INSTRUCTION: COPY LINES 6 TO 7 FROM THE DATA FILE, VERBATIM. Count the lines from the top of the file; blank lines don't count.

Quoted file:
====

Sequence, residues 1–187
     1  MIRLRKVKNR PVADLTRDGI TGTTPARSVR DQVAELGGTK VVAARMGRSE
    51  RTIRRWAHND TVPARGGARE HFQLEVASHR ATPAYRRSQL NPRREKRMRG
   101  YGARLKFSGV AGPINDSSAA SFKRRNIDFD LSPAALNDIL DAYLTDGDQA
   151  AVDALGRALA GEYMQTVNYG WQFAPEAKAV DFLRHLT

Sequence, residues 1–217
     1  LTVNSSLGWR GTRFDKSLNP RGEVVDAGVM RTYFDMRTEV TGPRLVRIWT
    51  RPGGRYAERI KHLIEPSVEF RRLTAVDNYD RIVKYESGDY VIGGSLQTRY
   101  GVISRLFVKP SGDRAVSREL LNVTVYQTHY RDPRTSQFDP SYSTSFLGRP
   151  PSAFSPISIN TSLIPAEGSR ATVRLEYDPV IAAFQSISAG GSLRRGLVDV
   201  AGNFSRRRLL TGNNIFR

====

Sequence, residues 1–217
     1  LTVNSSLGWR GTRFDKSLNP RGEVVDAGVM RTYFDMRTEV TGPRLVRIWT